STRENGTH IN NUMBERS

Strength in Numbers dedicated to my late mother Kay

Acutely ill children waiting nine hours for beds in intensive care. Some paediatric units now at 115% capacity, warns doctors’ body

Seriously ill children are waiting up to nine hours for an intensive care bed to become available, while others are being transported up to 120 miles from their homes to receive the medical treatment they urgently need, senior paediatricians have revealed.

In the last two weeks, at least 17 children with acute illnesses requiring intensive care have had to be transported out of their regions because of a lack of beds. Some paediatric intensive care units, treating the most seriously ill children, are working at 115% of their capacity, such is the level of demand and lack of resources, according to the Paediatric Intensive Care Society. As of Friday night, there were just four beds available in England and one in Belfast.

The revelations illustrate the stress being faced by the NHS this winter. New figures provided by the Labour party additionally show that, in October, only 67.3% of ambulances for the most seriously ill adults and children, who are not breathing or do not have a pulse, arrived on the scene within eight minutes of being called, against a target of 75%.

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goo.gl/YG6rfN

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Filed under: Hospital, ,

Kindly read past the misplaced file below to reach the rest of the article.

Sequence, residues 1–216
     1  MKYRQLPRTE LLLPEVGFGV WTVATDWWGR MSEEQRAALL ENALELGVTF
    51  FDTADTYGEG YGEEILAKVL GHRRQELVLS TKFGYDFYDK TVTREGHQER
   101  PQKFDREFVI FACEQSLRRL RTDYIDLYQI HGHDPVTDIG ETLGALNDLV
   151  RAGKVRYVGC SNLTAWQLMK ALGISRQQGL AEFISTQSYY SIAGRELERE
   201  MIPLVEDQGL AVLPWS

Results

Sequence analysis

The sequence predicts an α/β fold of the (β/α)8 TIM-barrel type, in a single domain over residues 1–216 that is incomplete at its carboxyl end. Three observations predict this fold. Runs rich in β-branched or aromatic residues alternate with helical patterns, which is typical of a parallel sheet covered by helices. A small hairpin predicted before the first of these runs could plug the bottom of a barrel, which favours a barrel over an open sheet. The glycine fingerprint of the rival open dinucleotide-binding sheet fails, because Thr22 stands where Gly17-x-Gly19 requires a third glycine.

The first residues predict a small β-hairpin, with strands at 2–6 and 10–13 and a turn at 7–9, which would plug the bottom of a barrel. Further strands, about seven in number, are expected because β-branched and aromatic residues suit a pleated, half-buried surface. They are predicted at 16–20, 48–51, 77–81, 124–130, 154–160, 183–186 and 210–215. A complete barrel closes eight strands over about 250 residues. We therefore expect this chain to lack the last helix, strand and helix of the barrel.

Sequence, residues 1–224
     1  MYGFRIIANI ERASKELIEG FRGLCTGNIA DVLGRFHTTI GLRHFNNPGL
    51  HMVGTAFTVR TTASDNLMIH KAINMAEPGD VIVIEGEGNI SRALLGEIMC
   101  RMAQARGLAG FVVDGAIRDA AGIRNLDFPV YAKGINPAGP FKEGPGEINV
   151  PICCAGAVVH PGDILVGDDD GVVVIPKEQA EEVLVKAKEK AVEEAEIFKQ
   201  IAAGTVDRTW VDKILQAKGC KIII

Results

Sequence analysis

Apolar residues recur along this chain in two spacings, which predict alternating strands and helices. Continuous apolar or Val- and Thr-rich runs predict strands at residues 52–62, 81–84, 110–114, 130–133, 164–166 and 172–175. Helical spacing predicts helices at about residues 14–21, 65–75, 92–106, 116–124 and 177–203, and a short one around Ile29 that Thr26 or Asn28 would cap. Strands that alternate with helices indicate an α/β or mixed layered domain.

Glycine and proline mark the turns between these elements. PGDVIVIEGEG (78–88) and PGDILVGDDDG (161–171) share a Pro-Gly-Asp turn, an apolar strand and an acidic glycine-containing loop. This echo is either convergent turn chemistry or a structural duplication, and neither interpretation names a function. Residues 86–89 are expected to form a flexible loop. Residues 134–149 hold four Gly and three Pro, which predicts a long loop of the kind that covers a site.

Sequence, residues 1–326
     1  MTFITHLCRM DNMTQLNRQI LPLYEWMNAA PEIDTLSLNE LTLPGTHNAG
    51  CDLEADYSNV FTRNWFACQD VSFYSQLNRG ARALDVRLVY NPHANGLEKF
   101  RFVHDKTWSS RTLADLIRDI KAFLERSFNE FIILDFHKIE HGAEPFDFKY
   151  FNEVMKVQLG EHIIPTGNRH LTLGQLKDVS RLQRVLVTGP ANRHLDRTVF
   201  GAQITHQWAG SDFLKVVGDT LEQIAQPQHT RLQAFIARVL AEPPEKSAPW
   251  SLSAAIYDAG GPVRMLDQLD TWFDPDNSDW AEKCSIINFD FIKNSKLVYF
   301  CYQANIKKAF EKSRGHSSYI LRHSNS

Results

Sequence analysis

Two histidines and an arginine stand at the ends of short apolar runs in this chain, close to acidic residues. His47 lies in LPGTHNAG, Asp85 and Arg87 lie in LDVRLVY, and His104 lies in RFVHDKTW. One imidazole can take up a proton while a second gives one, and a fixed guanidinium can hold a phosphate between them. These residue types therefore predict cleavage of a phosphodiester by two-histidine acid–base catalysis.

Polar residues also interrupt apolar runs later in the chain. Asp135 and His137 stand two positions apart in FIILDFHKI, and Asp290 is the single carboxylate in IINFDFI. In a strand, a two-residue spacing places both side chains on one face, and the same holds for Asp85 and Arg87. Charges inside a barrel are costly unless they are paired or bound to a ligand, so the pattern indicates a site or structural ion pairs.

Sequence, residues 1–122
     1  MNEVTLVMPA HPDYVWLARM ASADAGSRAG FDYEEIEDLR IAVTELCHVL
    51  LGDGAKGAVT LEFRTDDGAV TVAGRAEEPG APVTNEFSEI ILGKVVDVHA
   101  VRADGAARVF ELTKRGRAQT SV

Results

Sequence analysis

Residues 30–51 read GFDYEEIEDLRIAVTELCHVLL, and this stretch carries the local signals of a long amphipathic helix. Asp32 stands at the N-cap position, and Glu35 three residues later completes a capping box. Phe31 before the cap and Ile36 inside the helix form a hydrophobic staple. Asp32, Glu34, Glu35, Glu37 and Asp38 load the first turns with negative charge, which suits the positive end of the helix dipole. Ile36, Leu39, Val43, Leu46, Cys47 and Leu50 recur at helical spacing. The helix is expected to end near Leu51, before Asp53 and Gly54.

NHS neonatal intensive care units ‘stretched to breaking point’

Sick and premature baby charity Bliss says shortage of staff affects two thirds of units, and most work beyond safe capacity

Two thirds of NHS neonatal intensive care units do not have enough nurses and doctors, and a similar number are consistently working at higher than safe capacity, a charity has warned. A growing shortage of specialist nurses and doctors has left neonatal services “stretched to breaking point”, putting the safety of vulnerable babies at risk according to the report from the sick and premature baby charity Bliss.

It argues that without urgent action from the government and NHS England, the gap between the standards expected and the care provided will widen. “The government set out a comprehensive vision for neonatal care in 2009, with the publication of the toolkit for high quality neonatal services,” said Caroline Davey, chief executive of Bliss.  “Six years on and we are falling further behind on critical measures of quality and safety, and the shortfall in funding means units are simply unable to meet these standards.”

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http://www.theguardian.com/society/2015/oct/19/bliss-neonatal-intensive-care-units-stretched

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